Risotto Riso Room, The Lighthouse, Glasgow

Onto the printing...

Risotto Riso Room, The Lighthouse, Glasgow

I had really wanted to create a new design for this workshop, which I did ('RAINBOW GIRL', below), but on the day I realised I needed something a little more simple, with less layers and detail while I was still learning the process. (And because there are always limitations on what can be achieved in one day, despite wishful thinking!)

Rainbow Girl illustration, Rebecca Johnstone

The key to riso printing is colour separation, while one of the best things about it is the ability to layer colours to create other colours (yellow + pink = orange, yellow + green = blue, etc).

The only exception to this was the metallic gold which prints opaque, but the others can be adjusted in the initial separation to allow varying degrees of transparency. It's also not good riso practice to print too densely in large areas of the paper anyway, because it becomes too saturated and risks smudging and tearing.

Colours available to us for printing were: Aqua Blue, Medium Blue, Fluorescent Pink, Fluorescent Orange, Bright Red, Yellow, Violet, Metallic Gold, HD Black and Grey. Each colour requires its own drum that slots into the printer.

Handily, you can download the exact colour swatches from the Risotto site (+ other templates) when working on your design, in the best format for the software you're using (usually Adobe Photoshop or Illustrator). All very helpful when trying to make important colour decisions!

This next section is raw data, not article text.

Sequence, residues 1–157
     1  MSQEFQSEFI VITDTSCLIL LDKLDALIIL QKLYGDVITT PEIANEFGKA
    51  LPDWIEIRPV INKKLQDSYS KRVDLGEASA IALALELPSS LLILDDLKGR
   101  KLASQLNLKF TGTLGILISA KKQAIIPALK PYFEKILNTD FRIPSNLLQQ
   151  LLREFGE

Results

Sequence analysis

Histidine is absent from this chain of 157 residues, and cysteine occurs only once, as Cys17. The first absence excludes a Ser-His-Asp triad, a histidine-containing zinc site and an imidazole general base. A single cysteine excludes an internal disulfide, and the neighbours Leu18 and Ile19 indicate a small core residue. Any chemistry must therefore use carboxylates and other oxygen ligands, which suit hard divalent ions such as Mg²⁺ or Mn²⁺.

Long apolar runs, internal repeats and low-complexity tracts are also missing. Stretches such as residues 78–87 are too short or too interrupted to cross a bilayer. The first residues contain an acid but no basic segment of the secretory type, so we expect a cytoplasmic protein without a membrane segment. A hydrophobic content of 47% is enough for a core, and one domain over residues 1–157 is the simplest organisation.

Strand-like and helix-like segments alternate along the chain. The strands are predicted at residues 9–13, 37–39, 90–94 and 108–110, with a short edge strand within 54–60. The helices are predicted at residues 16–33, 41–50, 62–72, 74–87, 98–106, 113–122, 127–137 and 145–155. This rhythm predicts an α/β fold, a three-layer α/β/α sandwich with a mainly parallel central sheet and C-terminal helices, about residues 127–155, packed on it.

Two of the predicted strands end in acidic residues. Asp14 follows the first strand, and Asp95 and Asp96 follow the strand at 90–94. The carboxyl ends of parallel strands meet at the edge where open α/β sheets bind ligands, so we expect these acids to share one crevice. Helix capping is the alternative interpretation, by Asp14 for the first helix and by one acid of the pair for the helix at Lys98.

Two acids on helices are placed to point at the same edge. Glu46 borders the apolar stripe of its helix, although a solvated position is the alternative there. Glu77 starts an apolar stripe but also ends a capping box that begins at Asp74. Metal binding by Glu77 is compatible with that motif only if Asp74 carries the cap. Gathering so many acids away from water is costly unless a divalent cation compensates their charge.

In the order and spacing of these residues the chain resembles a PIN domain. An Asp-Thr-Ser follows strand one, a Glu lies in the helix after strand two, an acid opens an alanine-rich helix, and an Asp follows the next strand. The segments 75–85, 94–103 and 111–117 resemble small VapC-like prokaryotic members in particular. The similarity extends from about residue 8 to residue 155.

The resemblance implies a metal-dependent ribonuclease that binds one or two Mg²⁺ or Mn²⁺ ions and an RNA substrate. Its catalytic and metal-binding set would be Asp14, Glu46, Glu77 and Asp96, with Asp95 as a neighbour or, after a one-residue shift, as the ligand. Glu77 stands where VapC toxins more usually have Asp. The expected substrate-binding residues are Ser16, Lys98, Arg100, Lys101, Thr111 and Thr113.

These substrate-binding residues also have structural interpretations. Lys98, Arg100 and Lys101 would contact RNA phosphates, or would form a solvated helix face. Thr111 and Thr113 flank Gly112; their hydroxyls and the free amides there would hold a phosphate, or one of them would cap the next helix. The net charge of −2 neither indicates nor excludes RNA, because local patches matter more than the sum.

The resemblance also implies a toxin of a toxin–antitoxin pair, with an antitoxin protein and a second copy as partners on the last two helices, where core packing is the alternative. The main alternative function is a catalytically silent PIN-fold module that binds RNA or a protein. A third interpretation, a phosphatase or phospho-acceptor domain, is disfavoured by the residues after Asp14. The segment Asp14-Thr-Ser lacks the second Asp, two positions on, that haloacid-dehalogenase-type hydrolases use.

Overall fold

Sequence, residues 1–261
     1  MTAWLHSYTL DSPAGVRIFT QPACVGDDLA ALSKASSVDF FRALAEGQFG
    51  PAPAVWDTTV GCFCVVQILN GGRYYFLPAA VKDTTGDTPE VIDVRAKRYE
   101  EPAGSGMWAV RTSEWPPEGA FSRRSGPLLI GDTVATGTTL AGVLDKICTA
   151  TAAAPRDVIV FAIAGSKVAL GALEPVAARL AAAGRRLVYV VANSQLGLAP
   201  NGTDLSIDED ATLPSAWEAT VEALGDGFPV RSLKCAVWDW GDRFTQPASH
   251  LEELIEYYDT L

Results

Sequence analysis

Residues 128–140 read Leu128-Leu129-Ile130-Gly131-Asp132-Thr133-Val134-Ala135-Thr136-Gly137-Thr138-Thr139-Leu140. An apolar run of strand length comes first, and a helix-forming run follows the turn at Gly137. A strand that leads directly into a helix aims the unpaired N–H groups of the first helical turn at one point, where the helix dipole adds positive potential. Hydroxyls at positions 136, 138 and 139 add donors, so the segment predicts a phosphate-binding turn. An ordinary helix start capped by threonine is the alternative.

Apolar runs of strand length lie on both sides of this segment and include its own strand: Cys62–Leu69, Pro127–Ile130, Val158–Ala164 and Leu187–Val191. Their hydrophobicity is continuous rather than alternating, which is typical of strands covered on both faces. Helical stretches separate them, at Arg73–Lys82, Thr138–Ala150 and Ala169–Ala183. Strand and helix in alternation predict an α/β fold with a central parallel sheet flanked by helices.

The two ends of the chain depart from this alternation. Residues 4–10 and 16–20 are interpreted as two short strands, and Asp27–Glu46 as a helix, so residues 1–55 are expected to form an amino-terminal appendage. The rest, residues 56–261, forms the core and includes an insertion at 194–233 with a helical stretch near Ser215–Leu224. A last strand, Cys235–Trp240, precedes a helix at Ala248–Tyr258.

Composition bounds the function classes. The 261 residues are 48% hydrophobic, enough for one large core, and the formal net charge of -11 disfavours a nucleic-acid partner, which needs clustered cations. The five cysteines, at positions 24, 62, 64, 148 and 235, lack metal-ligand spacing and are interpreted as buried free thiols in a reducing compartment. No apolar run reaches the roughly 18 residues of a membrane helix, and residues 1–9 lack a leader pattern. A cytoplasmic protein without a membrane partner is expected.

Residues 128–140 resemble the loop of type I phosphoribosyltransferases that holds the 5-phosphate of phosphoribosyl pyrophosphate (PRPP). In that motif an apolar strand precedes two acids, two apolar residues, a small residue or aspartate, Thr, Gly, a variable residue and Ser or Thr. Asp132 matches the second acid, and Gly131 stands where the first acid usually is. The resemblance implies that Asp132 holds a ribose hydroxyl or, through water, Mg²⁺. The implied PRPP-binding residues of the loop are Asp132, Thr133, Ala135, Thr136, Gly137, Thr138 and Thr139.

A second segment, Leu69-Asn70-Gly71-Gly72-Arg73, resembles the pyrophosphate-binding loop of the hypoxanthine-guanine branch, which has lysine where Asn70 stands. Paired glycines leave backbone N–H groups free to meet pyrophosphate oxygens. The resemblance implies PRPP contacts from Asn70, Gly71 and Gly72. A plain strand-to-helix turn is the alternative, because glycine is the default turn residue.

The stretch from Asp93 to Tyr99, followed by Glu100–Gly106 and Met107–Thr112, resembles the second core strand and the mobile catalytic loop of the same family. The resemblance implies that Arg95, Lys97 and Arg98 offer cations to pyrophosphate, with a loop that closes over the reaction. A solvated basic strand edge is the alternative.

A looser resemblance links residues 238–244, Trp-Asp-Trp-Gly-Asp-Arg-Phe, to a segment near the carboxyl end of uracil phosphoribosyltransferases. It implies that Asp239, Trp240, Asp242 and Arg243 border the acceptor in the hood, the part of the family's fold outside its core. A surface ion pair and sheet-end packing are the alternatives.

Risotto Riso Room, The Lighthouse, Glasgow

The printer 'reads' in greyscale, so the colour layers/channels have to be stripped out of the original design to create the layers for print, like a clever digital version of exposing a screen for traditional screen printing.

This was the crux of what I wanted to learn so that in the future, I can fully prep my files myself and get some funky-cool riso prints done, on demand!

I got a little confused at first between 'channels' and 'layers' in terms of the colours, but basically layers give a more clear-cut print and would perhaps lend themselves more to vector-based images, whereas channel separation gives a more blended, softer finish (often using more colours overall) and is more suited to rastor-based images.

So far so good, only that I don't normally use a laptop and I had an image that was created as a vector but that I'd rasterized, duh! Nevermind. It was a learning process.

Under pressure to choose my design and start stripping out the colour, I went with my back-up file of the Glasgow Coat of Arms/Crest, based on the 'Miracles of St Mungo'. So far I've only ever had this traditionally printed in obvious primary colours + green. Can't forget green as in 'the dear GREEN place'!

Glasgow Crest/Coat of Arms illustration, Rebecca Johnstone